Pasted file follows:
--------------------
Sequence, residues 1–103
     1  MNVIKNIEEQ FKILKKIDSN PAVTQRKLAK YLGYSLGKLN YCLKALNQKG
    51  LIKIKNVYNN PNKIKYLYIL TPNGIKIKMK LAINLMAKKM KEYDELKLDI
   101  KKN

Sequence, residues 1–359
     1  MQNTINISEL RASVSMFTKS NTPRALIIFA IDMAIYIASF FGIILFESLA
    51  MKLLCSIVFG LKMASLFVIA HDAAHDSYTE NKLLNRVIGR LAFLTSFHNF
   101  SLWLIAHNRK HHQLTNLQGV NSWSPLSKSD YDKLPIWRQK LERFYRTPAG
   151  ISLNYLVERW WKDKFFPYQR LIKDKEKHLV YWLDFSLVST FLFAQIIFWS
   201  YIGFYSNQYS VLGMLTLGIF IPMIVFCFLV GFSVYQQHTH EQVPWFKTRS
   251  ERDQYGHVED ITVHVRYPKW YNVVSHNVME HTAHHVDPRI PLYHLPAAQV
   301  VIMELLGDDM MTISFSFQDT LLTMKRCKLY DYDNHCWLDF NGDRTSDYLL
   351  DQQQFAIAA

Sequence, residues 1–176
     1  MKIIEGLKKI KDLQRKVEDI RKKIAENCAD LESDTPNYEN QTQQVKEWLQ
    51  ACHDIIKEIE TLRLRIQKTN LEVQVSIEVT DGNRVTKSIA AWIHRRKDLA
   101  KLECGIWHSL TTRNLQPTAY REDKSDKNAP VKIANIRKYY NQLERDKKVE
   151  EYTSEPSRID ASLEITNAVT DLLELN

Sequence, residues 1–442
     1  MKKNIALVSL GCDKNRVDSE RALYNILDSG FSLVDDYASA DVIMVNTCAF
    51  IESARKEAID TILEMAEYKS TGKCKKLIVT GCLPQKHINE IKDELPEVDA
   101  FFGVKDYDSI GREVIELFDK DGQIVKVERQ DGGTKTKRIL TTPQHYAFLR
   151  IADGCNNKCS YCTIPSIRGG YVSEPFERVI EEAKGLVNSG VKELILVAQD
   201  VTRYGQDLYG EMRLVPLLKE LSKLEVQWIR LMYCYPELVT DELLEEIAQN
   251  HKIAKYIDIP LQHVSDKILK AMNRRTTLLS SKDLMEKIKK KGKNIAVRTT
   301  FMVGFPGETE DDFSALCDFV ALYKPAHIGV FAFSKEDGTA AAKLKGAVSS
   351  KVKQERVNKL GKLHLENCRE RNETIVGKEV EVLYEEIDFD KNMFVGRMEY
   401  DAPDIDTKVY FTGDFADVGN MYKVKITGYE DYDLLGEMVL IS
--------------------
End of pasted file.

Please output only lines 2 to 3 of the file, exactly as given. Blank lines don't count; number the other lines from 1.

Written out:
     1  MNVIKNIEEQ FKILKKIDSN PAVTQRKLAK YLGYSLGKLN YCLKALNQKG
    51  LIKIKNVYNN PNKIKYLYIL TPNGIKIKMK LAINLMAKKM KEYDELKLDI